Themes; publications; network’s prestige; personal and epistemological affinities among researchers; taking part in a consolidated group or network.

Interest and competition

Themes; graduate training; laboratories; leader’s position and other members’ positions in relation to the leader.


Fluid, permanent, constant; access to knowledge, access to methodologies; ethical principles; information on objectives, findings, results, difficulties and restrictions; critiques


Routine and work division maintenance and balance; personal conflicts management; epistemic clarity; routine and task execution monitoring

Scientific cooperation or collaboration

Continuous, discontinuous, punctual (one-project-only), guided by personal affinities, guided by knowledge complementarity, common projects with diverse entities (firms, universities, foundations, NGOs), bilateral or multilateral cooperation, benefits and fragilities


Teamwork: inside the work, teaming-up, each one does their


Horizontal interaction: same or similar-level research topics; same-level agreements

Vertical interaction: sequential research; themes between students (apprentice) and researchers (experts)

Exchange of ideas, tasks, resources

Discussion: individual work (accounts, calculations,

equations) brought to the collective discussion—what is to be done; interpretation of findings; newideas; decisions on what to do with the results; decisions on self-evaluation


Rules (and incentives) setting and their divulgation; transparent distribution of financial, organizational, thematic, bibliographic and physical resources; coauthorships

Research themes

Multi, trans, interdisciplinarity; themes diversification; national and international dimensions of the research themes; societal impact of themes


Intragroup production; extragroup collaboration; deadline setting; management and enforcement; time management

Coauthorship policy

Organization and division of tasks; decision about research topics to be exposed; writing responsibilities; authorship order; student presence in articles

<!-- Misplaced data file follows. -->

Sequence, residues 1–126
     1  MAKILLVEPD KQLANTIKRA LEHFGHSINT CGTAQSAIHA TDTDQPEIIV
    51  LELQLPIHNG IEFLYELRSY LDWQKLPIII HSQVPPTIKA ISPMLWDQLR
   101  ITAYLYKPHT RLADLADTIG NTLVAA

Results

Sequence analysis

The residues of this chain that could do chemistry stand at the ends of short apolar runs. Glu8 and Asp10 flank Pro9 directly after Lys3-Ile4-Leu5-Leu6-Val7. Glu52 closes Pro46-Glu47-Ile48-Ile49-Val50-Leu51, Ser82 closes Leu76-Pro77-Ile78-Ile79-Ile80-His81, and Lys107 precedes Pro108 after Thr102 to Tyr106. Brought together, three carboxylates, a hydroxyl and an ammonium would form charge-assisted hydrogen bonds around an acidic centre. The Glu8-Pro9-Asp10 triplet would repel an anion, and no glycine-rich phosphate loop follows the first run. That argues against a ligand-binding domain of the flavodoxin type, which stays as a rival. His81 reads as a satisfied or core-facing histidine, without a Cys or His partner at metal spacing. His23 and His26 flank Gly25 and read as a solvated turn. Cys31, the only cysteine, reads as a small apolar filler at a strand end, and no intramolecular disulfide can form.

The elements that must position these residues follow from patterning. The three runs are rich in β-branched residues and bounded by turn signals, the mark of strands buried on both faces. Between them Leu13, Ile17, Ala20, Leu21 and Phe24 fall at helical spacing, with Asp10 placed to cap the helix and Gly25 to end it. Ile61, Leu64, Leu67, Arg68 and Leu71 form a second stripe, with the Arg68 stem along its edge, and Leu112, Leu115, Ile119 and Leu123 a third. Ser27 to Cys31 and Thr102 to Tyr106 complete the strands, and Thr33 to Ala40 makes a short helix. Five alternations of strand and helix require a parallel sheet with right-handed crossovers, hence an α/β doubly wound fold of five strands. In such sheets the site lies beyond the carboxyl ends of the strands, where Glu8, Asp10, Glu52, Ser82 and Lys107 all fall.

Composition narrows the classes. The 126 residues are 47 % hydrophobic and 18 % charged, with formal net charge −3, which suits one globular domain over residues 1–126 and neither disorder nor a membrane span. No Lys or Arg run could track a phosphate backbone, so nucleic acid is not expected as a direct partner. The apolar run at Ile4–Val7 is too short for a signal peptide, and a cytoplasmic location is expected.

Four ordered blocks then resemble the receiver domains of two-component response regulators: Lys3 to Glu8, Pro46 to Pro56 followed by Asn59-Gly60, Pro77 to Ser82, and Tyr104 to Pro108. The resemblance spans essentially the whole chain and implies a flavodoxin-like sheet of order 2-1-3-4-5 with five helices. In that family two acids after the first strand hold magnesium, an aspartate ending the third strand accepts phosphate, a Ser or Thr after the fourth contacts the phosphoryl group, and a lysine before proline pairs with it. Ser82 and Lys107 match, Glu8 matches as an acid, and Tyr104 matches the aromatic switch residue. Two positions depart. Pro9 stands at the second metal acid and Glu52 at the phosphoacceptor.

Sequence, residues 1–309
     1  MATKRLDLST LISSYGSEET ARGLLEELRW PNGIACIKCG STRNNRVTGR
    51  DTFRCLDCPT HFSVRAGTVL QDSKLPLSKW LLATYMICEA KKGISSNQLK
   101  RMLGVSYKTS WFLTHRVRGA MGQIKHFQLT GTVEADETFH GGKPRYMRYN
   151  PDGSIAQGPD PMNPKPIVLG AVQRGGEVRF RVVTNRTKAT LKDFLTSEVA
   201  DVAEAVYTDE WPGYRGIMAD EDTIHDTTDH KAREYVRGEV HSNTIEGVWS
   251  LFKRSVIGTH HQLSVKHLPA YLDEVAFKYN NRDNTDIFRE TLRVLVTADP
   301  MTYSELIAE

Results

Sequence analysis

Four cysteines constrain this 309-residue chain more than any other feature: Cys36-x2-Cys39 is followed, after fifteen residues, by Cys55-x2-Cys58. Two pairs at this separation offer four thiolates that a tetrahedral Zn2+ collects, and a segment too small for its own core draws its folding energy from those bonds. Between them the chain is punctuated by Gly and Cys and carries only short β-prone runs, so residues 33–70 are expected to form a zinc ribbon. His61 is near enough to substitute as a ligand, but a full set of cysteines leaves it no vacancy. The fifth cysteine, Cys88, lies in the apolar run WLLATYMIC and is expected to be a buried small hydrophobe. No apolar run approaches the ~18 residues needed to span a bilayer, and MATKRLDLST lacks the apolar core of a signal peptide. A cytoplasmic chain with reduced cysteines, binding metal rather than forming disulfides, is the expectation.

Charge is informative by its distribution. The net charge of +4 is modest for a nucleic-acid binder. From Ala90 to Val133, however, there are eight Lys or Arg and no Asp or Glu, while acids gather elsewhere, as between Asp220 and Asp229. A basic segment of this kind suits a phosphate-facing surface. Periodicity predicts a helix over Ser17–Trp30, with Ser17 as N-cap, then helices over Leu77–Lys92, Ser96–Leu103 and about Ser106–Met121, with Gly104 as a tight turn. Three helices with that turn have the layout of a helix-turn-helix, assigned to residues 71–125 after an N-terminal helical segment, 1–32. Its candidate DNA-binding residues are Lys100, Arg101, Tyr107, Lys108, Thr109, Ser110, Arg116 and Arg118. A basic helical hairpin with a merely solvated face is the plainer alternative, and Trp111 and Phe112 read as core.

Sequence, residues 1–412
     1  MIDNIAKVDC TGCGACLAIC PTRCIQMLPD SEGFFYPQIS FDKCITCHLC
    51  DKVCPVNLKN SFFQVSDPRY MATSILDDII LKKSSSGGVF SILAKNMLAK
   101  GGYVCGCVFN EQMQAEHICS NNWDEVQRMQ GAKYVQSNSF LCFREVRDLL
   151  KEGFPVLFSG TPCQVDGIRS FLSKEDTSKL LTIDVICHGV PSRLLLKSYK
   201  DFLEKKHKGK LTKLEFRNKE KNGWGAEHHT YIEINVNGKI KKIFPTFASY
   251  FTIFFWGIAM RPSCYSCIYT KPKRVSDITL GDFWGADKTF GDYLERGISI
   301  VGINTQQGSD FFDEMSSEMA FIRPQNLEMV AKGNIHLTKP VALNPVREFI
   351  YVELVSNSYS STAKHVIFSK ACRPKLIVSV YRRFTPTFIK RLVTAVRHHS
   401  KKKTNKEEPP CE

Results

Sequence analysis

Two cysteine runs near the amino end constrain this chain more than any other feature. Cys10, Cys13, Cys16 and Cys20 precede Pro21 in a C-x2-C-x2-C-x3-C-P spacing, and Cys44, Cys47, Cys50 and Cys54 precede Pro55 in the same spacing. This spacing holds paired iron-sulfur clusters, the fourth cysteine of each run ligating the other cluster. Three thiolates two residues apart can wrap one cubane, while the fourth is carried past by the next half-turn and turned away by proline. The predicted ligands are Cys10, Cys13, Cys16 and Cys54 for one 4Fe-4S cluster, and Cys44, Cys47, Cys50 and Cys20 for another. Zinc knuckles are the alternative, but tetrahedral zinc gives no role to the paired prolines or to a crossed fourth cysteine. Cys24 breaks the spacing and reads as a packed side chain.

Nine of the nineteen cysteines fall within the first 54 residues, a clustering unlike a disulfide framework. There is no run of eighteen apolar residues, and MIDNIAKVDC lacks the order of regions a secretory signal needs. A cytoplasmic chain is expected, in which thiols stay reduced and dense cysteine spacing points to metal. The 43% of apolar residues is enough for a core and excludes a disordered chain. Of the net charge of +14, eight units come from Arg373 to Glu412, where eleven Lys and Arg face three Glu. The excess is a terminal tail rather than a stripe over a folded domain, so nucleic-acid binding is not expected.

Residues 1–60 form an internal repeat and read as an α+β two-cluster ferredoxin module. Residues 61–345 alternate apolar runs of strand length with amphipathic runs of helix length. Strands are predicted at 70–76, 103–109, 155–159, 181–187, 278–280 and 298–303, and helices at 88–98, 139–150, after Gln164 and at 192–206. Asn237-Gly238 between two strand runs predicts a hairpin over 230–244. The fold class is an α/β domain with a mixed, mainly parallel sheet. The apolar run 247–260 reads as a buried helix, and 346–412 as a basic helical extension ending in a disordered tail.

Table 6.3 (continued)



Coauthorship work share

Discussion; interpretation; writing; wording; copy editing; proofreading; version; commentaries to be observed

Leadership and knowledge management

Knowledge integrative vision, findings and results

management, epistemic rigor and vigilance, task division, accountability, fostering of interaction, and collaboration and cohesion of research groups and networks

Source: The authors, 2016

members, the actors of collaborative networks, all should be permanent, in-person or via the Internet. In phases 4 and 5, we obtain internal results and can disseminate them in workshops, colloquium, and meetings with RN people. Whenever we get objective measures to deliberate, we are planning for excellence. Frequent evaluative communication favors the production of knowledge, contributes to achieving a strong science performance, and at the same time it adds to education of new generations with the induction of self-practices and self-requirements of ethical personal behavior and of good habits in scientific practices. Conclusively, participation maintains the cohesion, formation, and integration of members.